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Issue No.5

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In addition, bonds can be secured, unsecured or unsecured but bank guaranteed. They may also be convertible to shares or have detachable warrants. For the purpose of protecting investors, bonds have to be rated by the Rating Agency of Malaysia (RAM). The rating is made based on the issuer's activities, financial performance and the guaranteeing parties of the bond (if any). RAM's rating will indicate the quality of the bonds and safety of timely repayment of principal and interest.

Since its inception in 1990, RAM has rated 270 corporate bond issues with a total value of RM38 billion as at end of 1995. Remember the loan/debenture category you see on the KLSE stock market page of your newspaper are bonds. About 50 are listed on the KLSE.

Besides regular interest income, bonds investors enjoy capital gains due to the increase in the market value of the bond when interest rates fall. But if interest rates rise, bond prices will fall. Therefore, interest rate fluctuations are reflected in changes in the bonds' capital value. Anyone trading bonds is exposed to potential losses and gains in the face value of their investments (traders still earn interest through the coupon on a bond for the period they hold the security).

On the other hand, long-term holders of bonds are not exposed to fluctuations in income from their investments because their income stream is limited to earning interest through the coupon, which remains constant for the life of the bond (the fixed part of fixed income investments). For the holder-to-maturity, fluctuations in the capital value of the bond remain unrealized losses and gains and, at the maturity of the bond, the holder receives face value.

Example: In July 1996 an investor buys a parcel bonds with an 8.5% p.a. coupon and maturing in July 2000 at a yield of 9% p.a.. The purchase price is RM98.38 per RM100 face value. That is, the bonds have been purchased at a discount to the cash in value at maturity. This is because fixed income investors require a yield or return of 9% p.a. yet the coupon is only 8.5% p.a. Therefore the additional return required of 0.5% will be made up of capital growth.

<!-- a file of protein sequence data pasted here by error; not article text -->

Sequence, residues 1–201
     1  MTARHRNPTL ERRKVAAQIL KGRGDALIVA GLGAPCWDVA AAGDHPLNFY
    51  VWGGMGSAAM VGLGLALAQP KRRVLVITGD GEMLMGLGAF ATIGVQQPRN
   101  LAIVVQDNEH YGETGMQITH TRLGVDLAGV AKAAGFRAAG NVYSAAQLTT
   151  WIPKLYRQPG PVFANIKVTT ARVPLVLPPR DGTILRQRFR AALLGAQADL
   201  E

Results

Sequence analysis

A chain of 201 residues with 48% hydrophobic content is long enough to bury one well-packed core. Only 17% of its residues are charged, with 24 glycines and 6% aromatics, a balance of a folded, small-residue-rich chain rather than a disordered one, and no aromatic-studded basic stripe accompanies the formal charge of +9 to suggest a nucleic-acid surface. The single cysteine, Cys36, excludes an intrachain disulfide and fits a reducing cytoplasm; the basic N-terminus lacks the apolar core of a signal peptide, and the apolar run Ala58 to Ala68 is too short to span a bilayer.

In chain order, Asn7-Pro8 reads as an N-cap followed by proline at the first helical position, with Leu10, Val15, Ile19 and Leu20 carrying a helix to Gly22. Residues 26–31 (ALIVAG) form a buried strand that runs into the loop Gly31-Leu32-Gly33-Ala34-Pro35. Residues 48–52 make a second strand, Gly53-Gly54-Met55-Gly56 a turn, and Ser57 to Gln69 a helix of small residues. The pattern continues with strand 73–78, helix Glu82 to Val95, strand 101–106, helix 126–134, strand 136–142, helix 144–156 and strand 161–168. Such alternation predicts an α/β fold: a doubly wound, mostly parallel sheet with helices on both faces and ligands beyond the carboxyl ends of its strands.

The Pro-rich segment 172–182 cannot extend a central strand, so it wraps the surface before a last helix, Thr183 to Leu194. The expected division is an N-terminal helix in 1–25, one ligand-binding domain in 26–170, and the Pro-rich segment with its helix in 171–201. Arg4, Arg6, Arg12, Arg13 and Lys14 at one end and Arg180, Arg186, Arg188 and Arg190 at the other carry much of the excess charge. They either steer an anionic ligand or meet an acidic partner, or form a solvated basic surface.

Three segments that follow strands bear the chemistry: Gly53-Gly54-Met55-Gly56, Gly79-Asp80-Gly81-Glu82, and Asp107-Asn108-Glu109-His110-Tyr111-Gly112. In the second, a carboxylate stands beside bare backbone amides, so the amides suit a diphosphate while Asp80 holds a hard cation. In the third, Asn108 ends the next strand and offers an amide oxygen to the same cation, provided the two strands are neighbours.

If the general level of interest rates subsequently rises after 2 years (i.e. the returns fixed interest investors require increases), taking the bond yield to, say, 10%, the market price (or capital value) of the bond would fall to RM97.40 per RM100 face value.

An investor who bought a bond at a yield of 9% and sold it when the rate rose to 10% would thus have taken a loss. However, that loss would be to some extent offset by earnings through the coupon, with the extent of the offset reflecting the length of time the bonds were held and the size of the parcel.

On the other hand, should interest rates fall, the investor would have made a capital gain in addition to interest earned. The investor holding the same 8.5% coupon bonds bought at a yield of 9% for two years before deciding that interest rates were headed lower and it would be better to sell at a yield of 8%. The selling price would rise to RM100.89 per RM100 face value.

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